Commentaries - June 2010

Barnett Newman at the National Gallery

A series of black-and-white paintings

In the new building at the National Gallery in DC, I saw Barnett Newman's series of paintings--done between 1958 and 1966--called "The Stations of the Cross." The Stations of the Cross series of black and white paintings, begun shortly after Newman had recovered from a heart attack, is usually regarded as the peak of his achievement. The series is subtitled "Lema sabachthani" - "why have you forsaken me" - words said to have been spoken by Jesus on the cross. Newman saw these words as having universal significance in his own time. The series has also been seen as a memorial to the victims of the holocaust.

Bill of Rights in the 1950s

It's some kind of communist plot

"No doubt all of you recall the incident in Madison, Wisconsin, last Fourth of July, when American citizens were afraid to say they believed in the Declaration of Independence or the Bill of Rights. One hundred and twelve people were asked to sign a petition that contained nothing except quotations from these two immortal documents, and one hundred and eleven refused to sign the paper. Most refused because they were afraid it was some kind of subversive document and thought that if they signed it they would be called Communists." - JAZZES H.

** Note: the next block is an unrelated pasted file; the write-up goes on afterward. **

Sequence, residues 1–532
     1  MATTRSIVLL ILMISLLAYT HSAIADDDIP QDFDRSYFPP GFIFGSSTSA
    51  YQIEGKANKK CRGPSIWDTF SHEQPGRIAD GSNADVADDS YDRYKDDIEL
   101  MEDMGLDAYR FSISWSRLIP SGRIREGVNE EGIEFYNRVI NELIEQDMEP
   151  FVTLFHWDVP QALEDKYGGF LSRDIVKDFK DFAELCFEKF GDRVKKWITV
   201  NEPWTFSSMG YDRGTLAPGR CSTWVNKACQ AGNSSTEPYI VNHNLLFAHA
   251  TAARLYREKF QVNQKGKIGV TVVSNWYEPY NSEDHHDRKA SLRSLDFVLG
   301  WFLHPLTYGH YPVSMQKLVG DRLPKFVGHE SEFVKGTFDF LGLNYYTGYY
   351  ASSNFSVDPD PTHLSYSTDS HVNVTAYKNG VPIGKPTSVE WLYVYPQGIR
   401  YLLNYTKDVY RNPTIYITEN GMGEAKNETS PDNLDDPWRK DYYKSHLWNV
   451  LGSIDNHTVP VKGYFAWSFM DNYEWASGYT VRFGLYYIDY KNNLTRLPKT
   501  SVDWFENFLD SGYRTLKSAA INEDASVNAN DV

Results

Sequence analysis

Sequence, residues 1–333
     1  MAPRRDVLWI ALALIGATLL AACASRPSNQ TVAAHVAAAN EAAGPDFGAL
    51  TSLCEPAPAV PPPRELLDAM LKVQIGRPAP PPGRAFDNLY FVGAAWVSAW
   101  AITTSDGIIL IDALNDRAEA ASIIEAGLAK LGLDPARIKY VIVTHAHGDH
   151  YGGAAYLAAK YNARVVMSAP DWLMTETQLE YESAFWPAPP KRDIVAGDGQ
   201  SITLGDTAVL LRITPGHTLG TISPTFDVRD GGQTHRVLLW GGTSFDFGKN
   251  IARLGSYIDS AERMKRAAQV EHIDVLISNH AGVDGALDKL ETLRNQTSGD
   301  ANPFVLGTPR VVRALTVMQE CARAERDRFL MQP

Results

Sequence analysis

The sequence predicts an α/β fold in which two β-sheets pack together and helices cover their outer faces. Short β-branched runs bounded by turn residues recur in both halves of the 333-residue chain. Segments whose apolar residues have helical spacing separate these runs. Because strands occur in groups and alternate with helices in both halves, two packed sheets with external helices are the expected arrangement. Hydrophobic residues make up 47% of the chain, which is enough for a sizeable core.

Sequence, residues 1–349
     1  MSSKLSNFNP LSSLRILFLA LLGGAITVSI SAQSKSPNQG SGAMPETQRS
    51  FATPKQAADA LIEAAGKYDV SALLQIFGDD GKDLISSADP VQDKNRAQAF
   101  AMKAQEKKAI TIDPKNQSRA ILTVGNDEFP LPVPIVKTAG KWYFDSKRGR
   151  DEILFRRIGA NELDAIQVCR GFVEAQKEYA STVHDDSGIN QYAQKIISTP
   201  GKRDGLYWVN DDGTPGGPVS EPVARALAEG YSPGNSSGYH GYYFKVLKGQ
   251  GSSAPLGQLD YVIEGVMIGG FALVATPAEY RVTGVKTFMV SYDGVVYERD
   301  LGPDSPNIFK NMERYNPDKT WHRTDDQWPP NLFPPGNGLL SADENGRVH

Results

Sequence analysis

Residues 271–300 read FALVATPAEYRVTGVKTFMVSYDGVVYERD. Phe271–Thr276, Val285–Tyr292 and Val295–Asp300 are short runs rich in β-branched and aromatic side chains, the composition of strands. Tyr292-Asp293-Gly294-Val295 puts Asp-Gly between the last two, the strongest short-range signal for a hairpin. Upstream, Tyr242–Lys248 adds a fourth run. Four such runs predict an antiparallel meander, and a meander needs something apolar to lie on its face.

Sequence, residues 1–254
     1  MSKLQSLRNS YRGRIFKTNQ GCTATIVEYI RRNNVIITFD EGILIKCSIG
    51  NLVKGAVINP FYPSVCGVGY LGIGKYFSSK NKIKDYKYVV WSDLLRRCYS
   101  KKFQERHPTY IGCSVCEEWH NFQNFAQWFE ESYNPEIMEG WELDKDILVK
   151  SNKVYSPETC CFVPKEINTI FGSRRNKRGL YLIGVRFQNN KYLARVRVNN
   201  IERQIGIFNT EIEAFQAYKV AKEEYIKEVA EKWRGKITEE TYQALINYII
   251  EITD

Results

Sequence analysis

the written sea

The work by John Marin I know is watercolor. And mostly I've seen his early stuff--from the 1920s. But here is a canvas (at the National Gallery) done in oil, and it was made in his last year (1952; he died in '53).

Rothko's black series

DC yesterday: awful heat but two good PennSound-related meetings, one of them at the Library of Congress. But then, meetings done, to the tower we went. In and then up into the gorgeous new wing of the National Gallery in DC - to see a series of black Rothko paintings.

four poets

From left to right, Frank Sherlock, Greg Djanikian, Ron Silliman and CAConrad.